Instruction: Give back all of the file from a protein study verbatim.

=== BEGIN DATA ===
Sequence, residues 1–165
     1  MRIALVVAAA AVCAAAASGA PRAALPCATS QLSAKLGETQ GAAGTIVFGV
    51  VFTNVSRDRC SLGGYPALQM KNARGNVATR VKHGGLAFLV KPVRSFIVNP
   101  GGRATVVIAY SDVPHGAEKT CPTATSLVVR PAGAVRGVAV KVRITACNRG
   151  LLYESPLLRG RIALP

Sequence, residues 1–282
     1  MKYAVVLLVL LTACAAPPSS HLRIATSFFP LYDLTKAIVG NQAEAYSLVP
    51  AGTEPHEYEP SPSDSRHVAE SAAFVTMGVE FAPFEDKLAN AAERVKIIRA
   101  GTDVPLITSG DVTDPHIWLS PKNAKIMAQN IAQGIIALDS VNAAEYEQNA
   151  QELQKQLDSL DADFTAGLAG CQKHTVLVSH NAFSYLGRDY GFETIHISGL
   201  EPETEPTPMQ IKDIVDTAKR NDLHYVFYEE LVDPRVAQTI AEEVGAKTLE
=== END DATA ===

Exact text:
Sequence, residues 1–165
     1  MRIALVVAAA AVCAAAASGA PRAALPCATS QLSAKLGETQ GAAGTIVFGV
    51  VFTNVSRDRC SLGGYPALQM KNARGNVATR VKHGGLAFLV KPVRSFIVNP
   101  GGRATVVIAY SDVPHGAEKT CPTATSLVVR PAGAVRGVAV KVRITACNRG
   151  LLYESPLLRG RIALP

Sequence, residues 1–282
     1  MKYAVVLLVL LTACAAPPSS HLRIATSFFP LYDLTKAIVG NQAEAYSLVP
    51  AGTEPHEYEP SPSDSRHVAE SAAFVTMGVE FAPFEDKLAN AAERVKIIRA
   101  GTDVPLITSG DVTDPHIWLS PKNAKIMAQN IAQGIIALDS VNAAEYEQNA
   151  QELQKQLDSL DADFTAGLAG CQKHTVLVSH NAFSYLGRDY GFETIHISGL
   201  EPETEPTPMQ IKDIVDTAKR NDLHYVFYEE LVDPRVAQTI AEEVGAKTLE